LA CROSSE, Wis. -

If you've ever walked through Riverside Park, you've passed a piece of La Crosse history.

You can't see it, but it's there -- 25-feet below the surface of the Black River.

On May 15, 1870, the nearly 300-ton steamboat War Eagle, carrying cargo and as many as 300 passengers, was docked.

That’s when something went terribly wrong.

A lantern crashed into a leaky oil barrel.

"It started burning shortly after midnight and within an hour, it was gone. It lit up the sky well. The whole city, it looked like daylight outside,” said La Crosse County Historical Society researcher George Italiano.

"The War Eagle is our Titanic. It was probably that big a piece of local news when it happened," said La Crosse County Historical Society curator Peggy Derrick.

Passengers like young socialite Mary Ulrich jumped overboard. She was one of five who died that night.

Fast-forward to 1979, when Onalaska man Dennis Brandt heard the ship calling to him from the bottom of the Black River.

"I spent 10 summers diving on the War Eagle. It was really exciting finding the artifacts," said Brandt in an interview with the La Crosse County Historical Society in 1995.

After about 300 hours of diving, Brandt had excavated more than 650 items buried under five-feet of silt with his bare hands.

He brought up everything from the engineer's tools, to a beam from the ship's hull, to the tiny porcelain hand of a doll.

"The old sword that I found, it was pretty badly deteriorated. But I remember finding that on the bow of the boat where it was in more shallow water," said Brandt.

Of the hundreds of items Brandt discovered, there was just one he returned to the wreckage.

“I dumped out that bag of stuff and here this old skull went rolling across the deck, and I thought, 'Oh my gosh,'” said Brandt. “My wife said that it was like robbing a grave and I thought, well, it seems kind of like it is."

"To find the remains of a poor person who had perished -- and I said to him, 'This really belongs back in its resting place. And he agreed. So he took it back and buried it with the War Eagle, and never came across it again," said his wife, Brenda Brandt.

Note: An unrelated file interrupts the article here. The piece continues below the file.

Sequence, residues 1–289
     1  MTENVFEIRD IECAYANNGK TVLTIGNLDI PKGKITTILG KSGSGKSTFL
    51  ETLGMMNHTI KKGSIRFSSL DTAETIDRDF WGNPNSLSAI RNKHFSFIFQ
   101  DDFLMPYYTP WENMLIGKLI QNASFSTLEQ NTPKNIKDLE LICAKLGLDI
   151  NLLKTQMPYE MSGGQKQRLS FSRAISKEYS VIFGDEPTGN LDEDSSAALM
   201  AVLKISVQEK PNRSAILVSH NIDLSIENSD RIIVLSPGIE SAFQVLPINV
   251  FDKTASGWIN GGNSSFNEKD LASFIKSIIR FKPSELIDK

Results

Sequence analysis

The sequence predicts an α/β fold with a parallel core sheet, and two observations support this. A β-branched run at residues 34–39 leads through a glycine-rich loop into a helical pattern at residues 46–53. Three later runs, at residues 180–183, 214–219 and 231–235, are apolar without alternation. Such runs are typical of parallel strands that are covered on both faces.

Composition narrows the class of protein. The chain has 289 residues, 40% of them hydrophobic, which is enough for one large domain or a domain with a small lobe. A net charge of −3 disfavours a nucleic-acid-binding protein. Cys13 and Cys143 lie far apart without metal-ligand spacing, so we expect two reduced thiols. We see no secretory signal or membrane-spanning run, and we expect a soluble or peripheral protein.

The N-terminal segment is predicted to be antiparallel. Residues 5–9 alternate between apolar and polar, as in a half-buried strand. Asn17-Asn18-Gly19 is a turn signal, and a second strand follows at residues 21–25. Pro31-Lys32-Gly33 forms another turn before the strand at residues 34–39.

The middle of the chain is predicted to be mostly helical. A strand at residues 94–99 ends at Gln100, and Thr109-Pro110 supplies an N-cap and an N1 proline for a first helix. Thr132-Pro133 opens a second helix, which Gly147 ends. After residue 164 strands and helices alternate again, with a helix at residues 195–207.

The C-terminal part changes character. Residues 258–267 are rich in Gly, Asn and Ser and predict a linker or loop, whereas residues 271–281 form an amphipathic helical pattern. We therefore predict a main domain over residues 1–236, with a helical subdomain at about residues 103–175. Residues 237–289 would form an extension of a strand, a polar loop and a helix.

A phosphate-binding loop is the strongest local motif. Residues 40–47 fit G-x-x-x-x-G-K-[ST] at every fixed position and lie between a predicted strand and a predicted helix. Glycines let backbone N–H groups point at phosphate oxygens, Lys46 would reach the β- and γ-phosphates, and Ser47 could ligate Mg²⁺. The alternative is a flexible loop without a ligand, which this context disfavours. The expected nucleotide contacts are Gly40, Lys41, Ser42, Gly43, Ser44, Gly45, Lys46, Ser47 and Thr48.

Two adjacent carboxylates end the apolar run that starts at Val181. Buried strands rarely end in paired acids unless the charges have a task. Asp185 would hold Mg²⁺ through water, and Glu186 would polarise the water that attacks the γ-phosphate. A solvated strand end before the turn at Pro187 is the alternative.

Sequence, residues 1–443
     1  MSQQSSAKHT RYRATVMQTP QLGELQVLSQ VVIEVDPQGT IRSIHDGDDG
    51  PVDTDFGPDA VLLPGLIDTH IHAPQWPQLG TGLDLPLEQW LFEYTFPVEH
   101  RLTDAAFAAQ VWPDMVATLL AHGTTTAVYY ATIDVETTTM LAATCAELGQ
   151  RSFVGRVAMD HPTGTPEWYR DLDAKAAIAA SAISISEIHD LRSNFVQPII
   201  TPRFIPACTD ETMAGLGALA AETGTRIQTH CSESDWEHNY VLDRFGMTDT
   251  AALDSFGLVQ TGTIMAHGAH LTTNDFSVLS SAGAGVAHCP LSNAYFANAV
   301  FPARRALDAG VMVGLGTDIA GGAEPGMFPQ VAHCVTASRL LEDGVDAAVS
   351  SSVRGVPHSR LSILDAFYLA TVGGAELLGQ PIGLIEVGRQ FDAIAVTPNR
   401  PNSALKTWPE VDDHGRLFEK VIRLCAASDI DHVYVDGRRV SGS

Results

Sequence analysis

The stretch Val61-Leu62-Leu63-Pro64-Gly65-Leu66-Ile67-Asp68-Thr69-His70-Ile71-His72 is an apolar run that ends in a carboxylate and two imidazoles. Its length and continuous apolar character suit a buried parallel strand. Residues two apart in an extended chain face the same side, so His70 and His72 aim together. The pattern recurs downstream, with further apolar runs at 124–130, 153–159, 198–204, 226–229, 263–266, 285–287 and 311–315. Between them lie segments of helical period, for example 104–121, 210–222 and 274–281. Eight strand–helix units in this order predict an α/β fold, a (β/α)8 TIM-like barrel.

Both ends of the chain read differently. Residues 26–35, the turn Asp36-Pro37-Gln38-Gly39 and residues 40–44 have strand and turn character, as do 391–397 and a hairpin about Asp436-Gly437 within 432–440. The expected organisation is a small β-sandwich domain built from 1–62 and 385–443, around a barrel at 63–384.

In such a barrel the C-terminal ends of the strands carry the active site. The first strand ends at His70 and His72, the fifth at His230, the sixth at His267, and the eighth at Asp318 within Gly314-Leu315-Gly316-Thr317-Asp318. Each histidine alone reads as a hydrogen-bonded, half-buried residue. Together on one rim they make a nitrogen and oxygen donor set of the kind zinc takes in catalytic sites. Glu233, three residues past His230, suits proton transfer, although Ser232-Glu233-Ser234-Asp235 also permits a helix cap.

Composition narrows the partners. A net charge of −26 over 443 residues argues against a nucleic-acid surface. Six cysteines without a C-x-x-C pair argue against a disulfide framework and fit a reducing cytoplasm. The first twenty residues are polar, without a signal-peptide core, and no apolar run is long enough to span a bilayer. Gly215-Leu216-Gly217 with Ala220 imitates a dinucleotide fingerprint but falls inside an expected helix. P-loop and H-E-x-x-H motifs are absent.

The rest of the artifacts now have a permanent home.

Before Brandt died in 2012, he donated them to the La Crosse County Historical Society, which put them on display in Riverside Museum.

For the past few years, Derrick has been the artifacts' caretaker.

"They all come with stories. They're part of a story. We want our visitors to know that they're part of that same story. And I think that's the root of it, is linking it to stories and making the stories alive," said Derrick.

The sunken treasure of La Crosse -- the story of the War Eagle has been brought to the surface for future generations.

In 1988, with the passage of the Abandoned Shipwreck Act, what Brandt had been doing became illegal. Divers can still legally go down there, as long as they don't take anything. So, the items Brandt excavated decades ago are likely to be the only artifacts from the ship we will ever have.

The Riverside Museum's War Eagle Display opens up by reservation on Thursday and Friday. It opens to everyone starting Saturday.

If you think this is the first time you've seen the War Eagle, think again. The next time you drive around downtown La Crosse, take a closer look at the street signs. You'll notice there's a little steamboat at the top. It's an image of the War Eagle.